Aranyaka – Part 3 – Thoreau, Shakespeare, Maharshi, Jung and Aranyaniism

Continued from Aranyaka Part 2.

Pine flower. Thoreau discovered them by climbing a big pine to the top. I got lucky. This one was on a tree bent low to the ground. I’m not sure, but I think it’s a scotch pine, of which we have very few at Balsamea. I’ve never seen another one of these “flowers,” so I feel lucky.

If I were to invent a religion, it would be centered on forest immersion.  It need not be a highly social alliance of souls, because silence and solitude are like vestments of immersion.  Other critical components of the Order would be creativity, play, liberality and education.

Religion that has lost its playfulness can be dangerous.from an article by Peter Gray, author of Free to Learn

This new religion is wrapped around a core understanding that there are not two natures, human and non-human.  There is one Nature and we are part of it.  Forest immersion can make this knowledge holistic, both visceral and intellectual, drawn from the primordial biophilia in human nature, and from burgeoning modern science on the topic.

Adherence to this religion calls for daily walking through forest or field, ideally twice or more per day, at least 40 minutes at a time, ideally 90 minutes or more.  That would be merely casual adherence.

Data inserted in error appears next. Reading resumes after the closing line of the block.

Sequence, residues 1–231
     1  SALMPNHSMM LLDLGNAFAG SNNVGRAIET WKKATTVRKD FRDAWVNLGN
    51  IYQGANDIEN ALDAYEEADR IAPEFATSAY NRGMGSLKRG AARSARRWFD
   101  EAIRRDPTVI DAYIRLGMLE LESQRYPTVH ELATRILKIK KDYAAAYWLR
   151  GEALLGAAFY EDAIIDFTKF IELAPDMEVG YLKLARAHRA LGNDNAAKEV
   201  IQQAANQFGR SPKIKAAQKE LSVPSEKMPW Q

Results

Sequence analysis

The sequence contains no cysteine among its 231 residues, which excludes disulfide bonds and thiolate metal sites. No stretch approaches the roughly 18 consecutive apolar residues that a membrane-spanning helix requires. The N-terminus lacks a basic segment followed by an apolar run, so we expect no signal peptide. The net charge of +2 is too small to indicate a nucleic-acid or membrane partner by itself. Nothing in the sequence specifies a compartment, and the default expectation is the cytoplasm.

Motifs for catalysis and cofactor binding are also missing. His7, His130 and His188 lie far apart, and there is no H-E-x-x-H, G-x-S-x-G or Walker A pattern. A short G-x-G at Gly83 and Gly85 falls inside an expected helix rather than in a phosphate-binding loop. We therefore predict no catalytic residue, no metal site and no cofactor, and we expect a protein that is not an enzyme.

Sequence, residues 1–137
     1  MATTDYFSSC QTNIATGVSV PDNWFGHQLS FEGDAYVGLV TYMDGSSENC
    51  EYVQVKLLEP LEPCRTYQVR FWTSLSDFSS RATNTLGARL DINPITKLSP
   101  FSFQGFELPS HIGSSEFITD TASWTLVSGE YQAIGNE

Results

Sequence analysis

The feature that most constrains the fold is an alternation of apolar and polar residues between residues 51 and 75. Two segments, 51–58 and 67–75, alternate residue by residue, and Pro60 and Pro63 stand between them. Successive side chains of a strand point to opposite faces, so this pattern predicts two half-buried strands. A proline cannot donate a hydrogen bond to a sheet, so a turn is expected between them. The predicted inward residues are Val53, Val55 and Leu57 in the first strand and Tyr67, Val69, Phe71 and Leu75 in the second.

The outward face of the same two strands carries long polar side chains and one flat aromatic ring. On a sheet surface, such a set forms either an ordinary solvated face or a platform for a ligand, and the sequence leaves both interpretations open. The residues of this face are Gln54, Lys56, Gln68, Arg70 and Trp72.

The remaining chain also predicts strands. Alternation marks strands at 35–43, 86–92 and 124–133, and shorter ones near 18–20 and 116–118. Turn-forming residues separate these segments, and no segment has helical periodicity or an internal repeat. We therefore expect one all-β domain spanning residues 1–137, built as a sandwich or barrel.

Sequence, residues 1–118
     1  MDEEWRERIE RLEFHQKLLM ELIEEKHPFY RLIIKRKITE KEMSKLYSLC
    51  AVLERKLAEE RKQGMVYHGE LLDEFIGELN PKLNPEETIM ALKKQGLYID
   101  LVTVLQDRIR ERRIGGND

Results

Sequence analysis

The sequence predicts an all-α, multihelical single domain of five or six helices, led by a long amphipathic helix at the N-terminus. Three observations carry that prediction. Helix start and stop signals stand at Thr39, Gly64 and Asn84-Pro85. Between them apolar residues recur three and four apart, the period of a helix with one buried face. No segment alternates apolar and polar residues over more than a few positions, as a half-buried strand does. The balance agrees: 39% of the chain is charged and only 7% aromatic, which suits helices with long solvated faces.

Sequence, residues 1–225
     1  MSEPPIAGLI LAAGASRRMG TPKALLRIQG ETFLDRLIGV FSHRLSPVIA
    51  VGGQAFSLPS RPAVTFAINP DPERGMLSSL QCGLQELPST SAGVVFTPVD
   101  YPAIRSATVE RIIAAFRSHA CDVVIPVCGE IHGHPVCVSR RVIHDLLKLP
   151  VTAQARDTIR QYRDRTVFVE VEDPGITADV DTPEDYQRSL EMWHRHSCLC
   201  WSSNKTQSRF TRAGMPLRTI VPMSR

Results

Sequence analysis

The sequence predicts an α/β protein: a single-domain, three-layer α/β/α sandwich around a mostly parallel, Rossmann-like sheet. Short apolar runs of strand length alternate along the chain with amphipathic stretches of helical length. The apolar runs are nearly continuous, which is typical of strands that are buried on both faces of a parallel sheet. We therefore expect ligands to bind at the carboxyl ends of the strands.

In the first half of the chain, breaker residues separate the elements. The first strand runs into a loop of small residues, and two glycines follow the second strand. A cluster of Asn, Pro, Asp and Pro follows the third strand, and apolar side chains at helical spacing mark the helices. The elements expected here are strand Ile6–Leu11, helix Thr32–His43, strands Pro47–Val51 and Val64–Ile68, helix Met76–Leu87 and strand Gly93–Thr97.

You never know what may happen during deeper immersion, if you let go of the usual tight grip on yourself and let “wild mind” roll.  For instance, here’s Thoreau doing it (in one of a thousand possible ways):

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A Meditation on the Company of Trees, Aided by Forest Nymphs

During a slow sylvan saunter, if I stand still more than move, in bodily senses and in palpable transcendent essences I find reminders that nature made me to thrive among immortal woodland spirits, in refuge from the illusory blessings of merely mortal society.  I cannot exceed the company of trees, nor regret deep solitude among them.

Each phase of nature, while not invisible, is yet not too distinct and obtrusive. It is there to be found when we look for it, but not demanding our attention. It is like a silent but sympathizing companion in whose company we retain most of the advantages of solitude … — Henry David Thoreau, Journal, November 8, 1858

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